The Thousandth Floor by Katherine McGee | Book Review

Rating: 9/10 Hearts

Format: Audio-book – Library (Later Purchased in Paper Book)

Buy it Here:  The Thousandth Floor

Let me start out by saying that this book has been on my list for a long time– because of its beautiful cover. I literally knew nothing about the plot of this book when I started listening to it. Do you ever fall in love with the cover of a book and decide you have to read it? I’m a notorious Judge-By-The-Cover lady. Sometimes, picking up a gorgeous book can lead you astray, and I’m excited to report that The Thousandth Floor was an incredible elevator ride.

Welcome to the world of The Tower.

One thing I look out for in a book with a large cast of characters is individuality. If it feels like I’m reading an ancient Russian novel, I probably won’t enjoy the book (*coughcough* Anna Karenina *coughcough*). I need to know who everyone is, and that’s not a struggle in this book at all. Avery, Leda, Atlas, Watt, Cord, Rylin, Eris, and Mariel bring you into their fascinating tower world with all the clarity of Leda’s favorite drug.

Of course, this book is a little bit of a guilty pleasure. It reads like a soap opera and would make an amazing TV series. I loved basically every minute of it, even when I knew if the characters would just USE their WORDS lots of the problems could be avoided. I was especially disappointed when Rylin didn’t tell Cord the truth about her useless boyfriend. I feel like he would have helped her– he probably would have literally given her the medicine. Though, I often think that in scenarios in which a poor character lies to a wealthy character. Maybe it says something about myself that I would have just gone to him and asked if he had connections, or gotten an advance, or something.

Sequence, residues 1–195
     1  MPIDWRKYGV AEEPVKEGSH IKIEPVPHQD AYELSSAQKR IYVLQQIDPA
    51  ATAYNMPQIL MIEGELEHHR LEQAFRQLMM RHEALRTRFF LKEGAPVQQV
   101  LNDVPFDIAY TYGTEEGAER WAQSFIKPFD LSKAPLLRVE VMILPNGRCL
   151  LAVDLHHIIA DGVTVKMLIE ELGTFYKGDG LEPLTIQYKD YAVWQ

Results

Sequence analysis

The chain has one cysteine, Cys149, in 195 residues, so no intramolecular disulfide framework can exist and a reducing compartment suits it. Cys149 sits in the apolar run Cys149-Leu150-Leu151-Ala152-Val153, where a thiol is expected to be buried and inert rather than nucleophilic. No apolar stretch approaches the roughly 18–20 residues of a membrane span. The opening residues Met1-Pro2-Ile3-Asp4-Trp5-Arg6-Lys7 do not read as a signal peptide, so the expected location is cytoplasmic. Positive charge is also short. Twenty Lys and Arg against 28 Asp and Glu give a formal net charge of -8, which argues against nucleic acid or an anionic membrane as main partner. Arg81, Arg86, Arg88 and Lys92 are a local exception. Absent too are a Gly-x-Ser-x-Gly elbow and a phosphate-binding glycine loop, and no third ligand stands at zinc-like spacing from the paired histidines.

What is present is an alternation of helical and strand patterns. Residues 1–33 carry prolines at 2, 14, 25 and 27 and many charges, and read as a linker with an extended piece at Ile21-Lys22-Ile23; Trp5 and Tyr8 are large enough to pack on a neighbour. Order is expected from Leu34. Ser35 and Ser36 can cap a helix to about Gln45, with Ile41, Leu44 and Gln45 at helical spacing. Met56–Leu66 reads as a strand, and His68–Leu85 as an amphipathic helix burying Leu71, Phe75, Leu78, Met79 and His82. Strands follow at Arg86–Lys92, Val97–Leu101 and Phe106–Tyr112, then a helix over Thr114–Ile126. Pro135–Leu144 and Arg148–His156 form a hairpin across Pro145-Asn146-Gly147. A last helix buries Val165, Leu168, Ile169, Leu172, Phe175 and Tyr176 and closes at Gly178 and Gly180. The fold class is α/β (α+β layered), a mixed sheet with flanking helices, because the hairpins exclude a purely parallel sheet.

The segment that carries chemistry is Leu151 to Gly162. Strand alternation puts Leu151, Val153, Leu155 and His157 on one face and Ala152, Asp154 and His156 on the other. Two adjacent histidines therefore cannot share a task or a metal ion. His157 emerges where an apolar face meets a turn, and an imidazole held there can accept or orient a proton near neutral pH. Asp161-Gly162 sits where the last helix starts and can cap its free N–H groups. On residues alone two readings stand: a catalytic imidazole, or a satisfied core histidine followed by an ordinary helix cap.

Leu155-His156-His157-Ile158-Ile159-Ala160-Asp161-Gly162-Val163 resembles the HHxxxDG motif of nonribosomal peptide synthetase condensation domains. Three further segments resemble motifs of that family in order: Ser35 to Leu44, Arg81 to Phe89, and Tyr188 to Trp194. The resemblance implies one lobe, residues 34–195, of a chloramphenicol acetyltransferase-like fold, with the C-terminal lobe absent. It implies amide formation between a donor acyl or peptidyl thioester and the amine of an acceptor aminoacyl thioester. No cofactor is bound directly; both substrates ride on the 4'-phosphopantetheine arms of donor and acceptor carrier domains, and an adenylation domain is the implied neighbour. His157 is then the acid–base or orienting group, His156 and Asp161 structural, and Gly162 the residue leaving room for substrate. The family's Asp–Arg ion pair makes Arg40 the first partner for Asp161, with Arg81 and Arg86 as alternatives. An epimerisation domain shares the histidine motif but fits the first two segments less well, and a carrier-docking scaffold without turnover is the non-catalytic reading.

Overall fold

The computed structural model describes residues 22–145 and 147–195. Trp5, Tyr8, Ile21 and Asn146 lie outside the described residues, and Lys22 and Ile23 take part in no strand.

I’m not saying I’m a gold digger. I just support Rylin asking for help. And some bling maybe.

Eris broke my entire heart. My whole entire heart. I was so furious at her non-father for just forgetting about her. DUDE, you raised this child. She’s your child in every way that matters. I would have changed that trust document in four seconds flat, and I know my parents would too. I completely get being extremely hurt by the betrayal, and even taking some time, but disowning Eris entirely made me utterly furious.

Okay, on to what I loved about this book. Everything was woven together so beautifully. I tried to make some predictions about what I thought would happen, but I never got any of them right, which is always a good sign. I had actually guessed that Mr. Fuller was Eris’s biological father– you have to admit I was close! I also thought it would be Avery who fell to her death.

Avery is a difficult character to relate to– she’s literally as genetically beautiful as possible and filthy rich. It’s not like my apartment isn’t gorgeous, but it certainly isn’t at the top of an enormous tower. The fact that she’s in love with her infuriating adopted brother and is completely irrational about Leda’s involvement with him is really what got me with her. I don’t know how I feel about adopted siblings being in love? Obviously it’s not gross for biological reasons but– I don’t know. There’s another book that has a similar situation and I wasn’t bothered much at all by it. Avery was a little obsessive about it, but I feel like her insanity was dwarfed in comparison with Leda’s.